Majed Jaber/Reuters Saudi Arabia's Minister of State for Foreign Affairs Adel al-Jubeir told Deutsche Welle, a German state-owned broadcasting company, that reports of Jamal Khashoggi's assassination being "authorized" by Crown Prince Mohammed bin Salman are "ridiculous." "If Saudi Arabia was so bad, nobody would come," Al-Jubeir said of foreign investors flocking to the Kingdom. The 59-year-old Washington Post journalist, who was frequently critical of the Saudi government, was killed in October 2018 upon entering the Saudi Consulate in Istanbul to obtain the documents necessary to marry his Turkish fiancée.

  • Group of more than 1,000 judges calls emergency meeting amid Trump concerns
    The Guardian

    Group of more than 1,000 judges calls emergency meeting amid Trump concerns

    A national association of federal judges has called an emergency meeting to address growing concerns about the intervention of Donald Trump and justice department officials in politically sensitive cases, according to US media reports. Cynthia Rufe, a Philadelphia US district judge who heads the independent Federal Judges Association, which has more than 1,100 members, told USA Today the group “could not wait” until its spring conference to discuss the matter. The meeting comes after more than 2,000 former US justice department officials, including some of the top government lawyers in the country, called on the attorney general, William Barr, to resign in the wake of the Roger Stone scandal.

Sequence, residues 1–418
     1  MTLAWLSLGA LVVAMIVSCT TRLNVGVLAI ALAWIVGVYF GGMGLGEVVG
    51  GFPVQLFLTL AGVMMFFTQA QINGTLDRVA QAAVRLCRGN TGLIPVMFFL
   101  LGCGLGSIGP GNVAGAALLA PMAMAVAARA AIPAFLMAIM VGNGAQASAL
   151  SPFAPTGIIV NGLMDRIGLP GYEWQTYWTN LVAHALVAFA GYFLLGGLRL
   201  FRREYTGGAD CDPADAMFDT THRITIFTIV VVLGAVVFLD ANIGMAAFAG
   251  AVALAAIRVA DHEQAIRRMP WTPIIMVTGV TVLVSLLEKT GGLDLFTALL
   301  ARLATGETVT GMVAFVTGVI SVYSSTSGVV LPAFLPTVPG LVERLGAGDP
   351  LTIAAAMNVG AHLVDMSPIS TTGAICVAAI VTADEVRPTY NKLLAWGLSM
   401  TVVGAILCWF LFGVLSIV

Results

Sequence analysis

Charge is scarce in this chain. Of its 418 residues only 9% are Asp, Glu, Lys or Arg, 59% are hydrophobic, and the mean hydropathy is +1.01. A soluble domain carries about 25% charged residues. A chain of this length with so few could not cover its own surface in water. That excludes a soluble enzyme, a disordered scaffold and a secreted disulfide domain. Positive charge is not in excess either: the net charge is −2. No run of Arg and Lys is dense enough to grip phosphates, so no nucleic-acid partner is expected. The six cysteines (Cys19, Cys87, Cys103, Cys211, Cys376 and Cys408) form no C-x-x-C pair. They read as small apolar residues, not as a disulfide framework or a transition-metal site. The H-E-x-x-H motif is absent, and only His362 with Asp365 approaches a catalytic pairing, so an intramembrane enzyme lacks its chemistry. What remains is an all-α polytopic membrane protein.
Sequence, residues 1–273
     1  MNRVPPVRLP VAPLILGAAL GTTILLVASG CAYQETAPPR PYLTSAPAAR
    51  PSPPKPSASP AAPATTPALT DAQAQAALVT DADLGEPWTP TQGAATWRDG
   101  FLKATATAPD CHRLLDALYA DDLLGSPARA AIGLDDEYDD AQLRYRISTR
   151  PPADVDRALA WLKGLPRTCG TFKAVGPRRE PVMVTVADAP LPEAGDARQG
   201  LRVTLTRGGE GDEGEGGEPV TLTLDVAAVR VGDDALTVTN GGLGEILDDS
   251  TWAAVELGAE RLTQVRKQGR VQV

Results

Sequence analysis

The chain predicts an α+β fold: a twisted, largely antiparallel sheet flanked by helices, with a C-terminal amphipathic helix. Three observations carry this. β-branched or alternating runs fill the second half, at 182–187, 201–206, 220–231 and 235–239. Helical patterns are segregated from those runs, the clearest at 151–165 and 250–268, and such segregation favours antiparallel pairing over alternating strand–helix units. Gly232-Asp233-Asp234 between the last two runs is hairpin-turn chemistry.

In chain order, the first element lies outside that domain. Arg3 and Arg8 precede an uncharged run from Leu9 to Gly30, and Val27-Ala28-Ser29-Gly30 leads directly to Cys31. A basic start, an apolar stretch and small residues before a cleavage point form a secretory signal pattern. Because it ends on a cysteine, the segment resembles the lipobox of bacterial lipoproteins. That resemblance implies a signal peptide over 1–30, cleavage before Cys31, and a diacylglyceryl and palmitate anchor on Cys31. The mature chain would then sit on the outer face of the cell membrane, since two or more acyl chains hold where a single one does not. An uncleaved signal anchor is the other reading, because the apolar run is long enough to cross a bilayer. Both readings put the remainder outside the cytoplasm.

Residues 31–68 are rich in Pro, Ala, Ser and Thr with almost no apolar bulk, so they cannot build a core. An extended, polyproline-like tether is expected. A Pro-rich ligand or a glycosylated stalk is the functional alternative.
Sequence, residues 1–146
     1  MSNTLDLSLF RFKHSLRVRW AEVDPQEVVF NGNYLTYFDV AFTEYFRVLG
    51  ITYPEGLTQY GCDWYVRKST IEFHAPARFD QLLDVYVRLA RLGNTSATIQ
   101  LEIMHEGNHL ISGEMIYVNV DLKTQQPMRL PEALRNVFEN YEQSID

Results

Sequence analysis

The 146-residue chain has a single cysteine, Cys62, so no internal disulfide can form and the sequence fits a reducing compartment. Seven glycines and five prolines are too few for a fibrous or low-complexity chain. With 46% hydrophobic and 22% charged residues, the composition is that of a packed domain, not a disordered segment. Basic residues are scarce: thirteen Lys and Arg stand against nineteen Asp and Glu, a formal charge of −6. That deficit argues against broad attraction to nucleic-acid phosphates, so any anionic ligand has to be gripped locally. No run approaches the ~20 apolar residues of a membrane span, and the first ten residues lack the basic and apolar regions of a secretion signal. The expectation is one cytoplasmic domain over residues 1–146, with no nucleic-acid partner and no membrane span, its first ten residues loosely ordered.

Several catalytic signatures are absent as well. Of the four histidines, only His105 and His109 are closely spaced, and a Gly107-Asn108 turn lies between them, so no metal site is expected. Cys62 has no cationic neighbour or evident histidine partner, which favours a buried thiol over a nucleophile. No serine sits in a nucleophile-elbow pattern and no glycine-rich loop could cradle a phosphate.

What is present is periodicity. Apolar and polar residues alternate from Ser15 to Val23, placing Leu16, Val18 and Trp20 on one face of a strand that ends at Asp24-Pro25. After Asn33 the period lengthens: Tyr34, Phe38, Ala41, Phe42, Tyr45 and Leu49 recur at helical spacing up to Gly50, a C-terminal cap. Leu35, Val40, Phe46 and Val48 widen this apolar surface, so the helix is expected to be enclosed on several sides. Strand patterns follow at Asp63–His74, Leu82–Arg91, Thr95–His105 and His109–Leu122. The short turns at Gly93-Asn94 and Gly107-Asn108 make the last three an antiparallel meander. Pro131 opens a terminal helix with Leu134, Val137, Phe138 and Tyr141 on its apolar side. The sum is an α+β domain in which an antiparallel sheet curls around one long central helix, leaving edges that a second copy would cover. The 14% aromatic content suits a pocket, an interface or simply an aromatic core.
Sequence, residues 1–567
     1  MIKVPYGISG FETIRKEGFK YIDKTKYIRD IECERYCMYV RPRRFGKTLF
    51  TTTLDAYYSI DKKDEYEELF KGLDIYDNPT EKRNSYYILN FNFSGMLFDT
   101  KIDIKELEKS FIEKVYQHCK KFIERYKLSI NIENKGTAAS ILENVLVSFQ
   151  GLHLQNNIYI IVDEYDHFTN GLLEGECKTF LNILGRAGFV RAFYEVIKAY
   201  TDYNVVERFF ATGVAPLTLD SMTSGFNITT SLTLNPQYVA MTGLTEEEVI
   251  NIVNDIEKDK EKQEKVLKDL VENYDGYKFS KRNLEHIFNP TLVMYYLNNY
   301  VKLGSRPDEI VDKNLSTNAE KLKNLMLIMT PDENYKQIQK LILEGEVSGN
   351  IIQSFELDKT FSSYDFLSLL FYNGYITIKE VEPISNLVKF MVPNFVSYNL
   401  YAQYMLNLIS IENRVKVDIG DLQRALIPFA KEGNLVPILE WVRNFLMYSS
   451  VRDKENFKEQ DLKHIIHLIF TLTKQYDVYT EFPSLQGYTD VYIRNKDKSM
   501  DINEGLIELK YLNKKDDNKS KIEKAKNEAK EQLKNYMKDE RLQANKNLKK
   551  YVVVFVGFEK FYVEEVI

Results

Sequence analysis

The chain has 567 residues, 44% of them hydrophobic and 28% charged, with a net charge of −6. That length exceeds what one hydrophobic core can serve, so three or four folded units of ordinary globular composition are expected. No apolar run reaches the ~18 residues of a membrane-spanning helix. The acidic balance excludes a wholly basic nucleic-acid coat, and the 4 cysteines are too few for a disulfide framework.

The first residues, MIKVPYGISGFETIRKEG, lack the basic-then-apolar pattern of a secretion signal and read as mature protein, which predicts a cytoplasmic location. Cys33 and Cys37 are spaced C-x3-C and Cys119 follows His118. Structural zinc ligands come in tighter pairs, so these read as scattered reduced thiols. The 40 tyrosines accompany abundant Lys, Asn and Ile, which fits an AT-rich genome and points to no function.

• Report: Obama reportedly expects he'll have to play a 'prominent role' in uniting Democrats this summer
    Yahoo News Video

    Report: Obama reportedly expects he'll have to play a 'prominent role' in uniting Democrats this summer

    The New York Magazine reports former president Barack Obama's radio silence on the 2020 Democratic primary is part of a "choreographed strategy" on the part of Obama, who is "increasingly sure he will need to play a prominent role in bringing the party back together and calming its tensions later this summer."

  • Coronavirus may be detectable before symptoms start
    NBC News

    Coronavirus may be detectable before symptoms start

    Tests can detect the new coronavirus in people before they show symptoms, though it's still unclear whether a person can spread it to others at this point, while they are asymptomatic, a study published Tuesday says. The new report in the New England Journal of Medicine looked at 126 people from Germany who were quarantined after being evacuated from Hubei province, the center of the coronavirus outbreak in China. "We discovered that shedding of potentially infectious virus may occur in persons who have no fever and no signs or only minor signs of infection," the authors wrote.

  • Mom, daughter plead not guilty to slaying 5 close relatives
    Associated Press

    Mom, daughter plead not guilty to slaying 5 close relatives

    A mother and her adult daughter pleaded not guilty Tuesday to killing five of their close relatives, including three children, at an apartment outside Philadelphia. Forty-six-year-old Shana Decree and her 20-year-old daughter Dominique Decree sat side by side in court in suburban Bucks County and affirmed their pleas to charges of first-degree murder and conspiracy. The pair barely spoke, except to respond to the judge's questions about the charges and their pleas.